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Popeye

         Popeye the Sailor Man started as a comic strip by Elzie Crisler Segar, in 1929. It was syndicated by Hearst-owned King Features Syndicate. Born in Illinois, Segar started cartooning in Chicago, then graduated to his own strip for the Chicago American. He was hired by the New York Evening Journal in 1919 to create the "Thimble Theater", highlighting the adventures of Ham Gravy, his girlfriend Olive Oyl, and Olive's brother, Castor Oyl..   On January 17, 1929, Ham Gravy and Castor Oyl wanted to hire some sailors to search for the legendary Whiffle Hen, and so they walked up to Popeye. The sailor had one eye, smoked a corncob pipe, had overly thick forearms, muttered constantly to himself, had no teeth, was inarticulate and often subject to fits of frustration, even though he was driven by a heart of gold and unwavering morality. Olive Oyl made the wisecracking sailor her new boyfriend, and within a few months Popeye became the central character in the search for the "Whiffle Hen." When Segar ended the episode and tried to dispense with the sailor, angry fans contacted the paper and wanted more. As a result, Popeye replaced Ham as Olive's boyfriend. Castor Oyl almost completely disappeared, and the strip was renamed, "Thimble Theater, Starring Popeye." During the 1930s, cartoon characters were becoming major stars, with the likes of Mickey Mouse from Walt Disney, Betty Boop from the Fleischman studios, and Looney Tunes and Merrie Melodies from Warner Brothers. It was Max and Dave Fleischer who approached King Features Syndicate for the right to develop Popeye on screen. The companies signed an agreement on November 17, 1932.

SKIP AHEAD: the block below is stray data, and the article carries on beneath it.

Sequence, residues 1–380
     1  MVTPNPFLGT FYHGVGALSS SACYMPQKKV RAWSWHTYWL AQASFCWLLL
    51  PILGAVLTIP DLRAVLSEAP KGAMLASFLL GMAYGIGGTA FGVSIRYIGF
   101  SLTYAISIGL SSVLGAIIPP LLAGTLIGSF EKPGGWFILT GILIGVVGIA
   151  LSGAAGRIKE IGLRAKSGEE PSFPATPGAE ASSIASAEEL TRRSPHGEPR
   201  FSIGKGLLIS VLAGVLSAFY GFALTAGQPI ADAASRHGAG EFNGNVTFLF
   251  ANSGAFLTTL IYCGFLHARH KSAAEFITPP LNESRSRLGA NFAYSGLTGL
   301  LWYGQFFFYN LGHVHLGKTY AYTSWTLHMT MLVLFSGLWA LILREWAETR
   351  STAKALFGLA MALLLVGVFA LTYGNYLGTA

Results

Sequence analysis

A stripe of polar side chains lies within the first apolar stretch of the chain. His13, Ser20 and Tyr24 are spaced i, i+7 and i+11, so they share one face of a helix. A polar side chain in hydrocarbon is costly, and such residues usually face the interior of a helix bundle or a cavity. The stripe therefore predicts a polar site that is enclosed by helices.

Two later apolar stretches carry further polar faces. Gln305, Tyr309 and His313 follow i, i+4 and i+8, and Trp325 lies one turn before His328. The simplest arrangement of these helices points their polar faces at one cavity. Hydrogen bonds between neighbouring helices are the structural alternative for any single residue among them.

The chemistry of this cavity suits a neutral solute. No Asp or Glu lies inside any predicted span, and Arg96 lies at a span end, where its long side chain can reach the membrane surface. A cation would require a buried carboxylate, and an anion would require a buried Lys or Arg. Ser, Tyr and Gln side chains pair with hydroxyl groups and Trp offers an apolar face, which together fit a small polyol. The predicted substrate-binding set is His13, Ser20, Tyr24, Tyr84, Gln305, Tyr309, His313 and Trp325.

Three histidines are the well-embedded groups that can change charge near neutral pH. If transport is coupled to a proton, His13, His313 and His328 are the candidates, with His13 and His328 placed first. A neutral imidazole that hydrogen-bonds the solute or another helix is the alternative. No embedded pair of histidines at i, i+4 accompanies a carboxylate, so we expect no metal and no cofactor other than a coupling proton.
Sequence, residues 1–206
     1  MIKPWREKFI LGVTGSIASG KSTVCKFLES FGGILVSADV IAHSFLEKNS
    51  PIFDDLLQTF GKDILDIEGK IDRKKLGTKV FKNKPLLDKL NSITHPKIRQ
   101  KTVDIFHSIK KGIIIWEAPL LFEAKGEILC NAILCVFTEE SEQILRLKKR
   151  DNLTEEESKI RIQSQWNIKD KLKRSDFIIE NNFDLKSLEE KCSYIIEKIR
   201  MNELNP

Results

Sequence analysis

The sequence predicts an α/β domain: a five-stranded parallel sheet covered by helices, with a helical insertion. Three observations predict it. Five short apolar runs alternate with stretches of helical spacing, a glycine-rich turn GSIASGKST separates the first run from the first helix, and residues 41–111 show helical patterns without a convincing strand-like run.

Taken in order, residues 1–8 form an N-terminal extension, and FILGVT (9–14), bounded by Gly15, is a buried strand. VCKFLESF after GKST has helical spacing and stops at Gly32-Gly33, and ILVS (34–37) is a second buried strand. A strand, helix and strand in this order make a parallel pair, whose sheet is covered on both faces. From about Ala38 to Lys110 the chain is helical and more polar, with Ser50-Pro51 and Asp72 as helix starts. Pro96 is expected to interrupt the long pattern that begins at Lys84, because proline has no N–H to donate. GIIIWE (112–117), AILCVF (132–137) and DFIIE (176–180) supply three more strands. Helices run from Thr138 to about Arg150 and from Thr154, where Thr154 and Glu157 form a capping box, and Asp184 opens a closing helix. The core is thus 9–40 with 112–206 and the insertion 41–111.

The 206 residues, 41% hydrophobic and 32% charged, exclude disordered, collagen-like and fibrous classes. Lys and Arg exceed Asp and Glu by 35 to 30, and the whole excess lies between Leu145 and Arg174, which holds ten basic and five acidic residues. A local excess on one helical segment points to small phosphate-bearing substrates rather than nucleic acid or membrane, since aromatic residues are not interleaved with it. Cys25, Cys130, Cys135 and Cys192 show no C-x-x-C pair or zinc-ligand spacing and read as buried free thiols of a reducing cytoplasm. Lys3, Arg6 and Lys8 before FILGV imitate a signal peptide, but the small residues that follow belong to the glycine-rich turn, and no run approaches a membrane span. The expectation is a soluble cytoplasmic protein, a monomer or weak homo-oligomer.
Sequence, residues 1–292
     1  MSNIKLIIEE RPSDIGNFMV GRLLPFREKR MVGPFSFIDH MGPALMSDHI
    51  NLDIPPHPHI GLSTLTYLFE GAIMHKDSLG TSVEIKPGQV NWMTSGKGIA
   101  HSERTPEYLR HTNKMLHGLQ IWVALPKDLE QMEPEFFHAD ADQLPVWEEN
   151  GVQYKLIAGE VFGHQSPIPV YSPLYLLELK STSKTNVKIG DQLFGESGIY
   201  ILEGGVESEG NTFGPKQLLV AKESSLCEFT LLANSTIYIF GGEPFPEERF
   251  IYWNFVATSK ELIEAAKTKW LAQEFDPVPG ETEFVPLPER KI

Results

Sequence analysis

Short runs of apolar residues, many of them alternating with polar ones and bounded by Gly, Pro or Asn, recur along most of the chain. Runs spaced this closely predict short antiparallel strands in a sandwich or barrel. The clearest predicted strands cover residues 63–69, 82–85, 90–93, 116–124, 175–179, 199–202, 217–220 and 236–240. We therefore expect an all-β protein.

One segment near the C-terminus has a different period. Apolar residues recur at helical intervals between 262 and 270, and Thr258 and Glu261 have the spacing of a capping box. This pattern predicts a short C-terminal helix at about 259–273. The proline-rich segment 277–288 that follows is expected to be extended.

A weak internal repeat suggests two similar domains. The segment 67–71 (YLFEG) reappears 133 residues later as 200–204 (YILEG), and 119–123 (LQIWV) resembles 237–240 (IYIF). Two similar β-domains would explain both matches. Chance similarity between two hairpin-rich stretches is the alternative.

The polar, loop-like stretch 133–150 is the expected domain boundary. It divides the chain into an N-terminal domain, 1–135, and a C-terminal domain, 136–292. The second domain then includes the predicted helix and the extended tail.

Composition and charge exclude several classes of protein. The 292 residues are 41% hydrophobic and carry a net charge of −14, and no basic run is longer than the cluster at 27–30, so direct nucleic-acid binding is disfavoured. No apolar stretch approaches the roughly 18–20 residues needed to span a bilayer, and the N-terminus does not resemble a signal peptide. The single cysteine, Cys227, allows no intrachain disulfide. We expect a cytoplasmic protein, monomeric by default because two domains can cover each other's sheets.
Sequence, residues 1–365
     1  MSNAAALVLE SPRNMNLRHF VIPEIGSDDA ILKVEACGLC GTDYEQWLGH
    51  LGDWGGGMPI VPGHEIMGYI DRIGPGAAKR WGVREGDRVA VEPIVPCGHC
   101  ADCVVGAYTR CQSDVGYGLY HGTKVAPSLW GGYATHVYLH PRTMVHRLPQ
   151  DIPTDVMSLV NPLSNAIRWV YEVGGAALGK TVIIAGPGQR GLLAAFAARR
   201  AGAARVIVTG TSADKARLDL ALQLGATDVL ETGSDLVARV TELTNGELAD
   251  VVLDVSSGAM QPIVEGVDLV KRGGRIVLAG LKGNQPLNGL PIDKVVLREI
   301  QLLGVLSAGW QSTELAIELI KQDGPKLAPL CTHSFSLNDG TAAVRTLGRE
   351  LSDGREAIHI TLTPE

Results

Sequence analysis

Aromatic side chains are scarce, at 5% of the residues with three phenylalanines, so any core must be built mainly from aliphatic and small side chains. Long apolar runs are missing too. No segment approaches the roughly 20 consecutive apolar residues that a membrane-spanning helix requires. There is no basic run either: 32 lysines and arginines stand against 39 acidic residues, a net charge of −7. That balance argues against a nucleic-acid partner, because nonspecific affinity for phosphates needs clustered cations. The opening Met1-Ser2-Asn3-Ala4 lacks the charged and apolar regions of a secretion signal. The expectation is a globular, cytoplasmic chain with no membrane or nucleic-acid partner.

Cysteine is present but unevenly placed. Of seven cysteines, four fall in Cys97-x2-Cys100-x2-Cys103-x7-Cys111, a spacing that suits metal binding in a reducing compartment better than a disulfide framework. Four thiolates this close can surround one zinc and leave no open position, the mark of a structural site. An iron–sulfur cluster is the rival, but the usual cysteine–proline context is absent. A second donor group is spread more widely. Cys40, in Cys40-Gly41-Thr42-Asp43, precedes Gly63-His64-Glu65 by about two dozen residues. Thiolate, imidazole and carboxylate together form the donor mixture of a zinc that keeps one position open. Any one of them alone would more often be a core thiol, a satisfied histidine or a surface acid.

It was Betty Boop who presented Popeye the Sailor to cinema audiences in 1933, as part of the Betty Boop cartoons, during which the sailor sang his trademark song, "I'm Popeye the Sailor Man." Much of the drama in the series was the competition between Bluto and Popeye for the attention of Olive, usually demonstrated by feats of strength. Where the Segar stories were complex and followed unexpected directions, the Fleischer stories followed standard conventions, making the characters fundamentally predictable. The cartoons were an enormous success. The strong characterization, the ad-libbed dialogue from Popeye and Olive Oyl, especially the muttered asides that Popeye was famous for all contributed to a major success for the Fleischer Studios, so much so that by 1938, Popeye had replaced Mickey Mouse as the most popular cartoon character in the U.S.A. Here was a down-to-earth character who represented Americans themselves. He was a man who could be pushed and bullied, until he couldn't take it any more and would fight back against his foes. He never initiated violence, but would not step down from a fight started by someone else. The Fleischers went through the old Segar strips to produce other characters including J. Wellington Wimpy, Swee'pea, Eugene the Jeep and Poopdeck Pappy. In the cartoon strip, Popeye acquired his powers by rubbing the Whiffle Hen, but the Fleischers made the eating of spinach the source of his power. For this, appreciative American farmers set up a statue of Popeye for helping promote the otherwise unpopular vegetable.


        The early 1960s saw a simpler reprising of the Popeye and friends, and later on, Popeye was turned into flesh and blood by Robert Altman, starring Robin Williams as Popeye and Shelley Duvall as Olive Oyl. The movie produced much memorable music and some of the action that rivaled the original Fleischman cinema shorts. 

 



 


 

 


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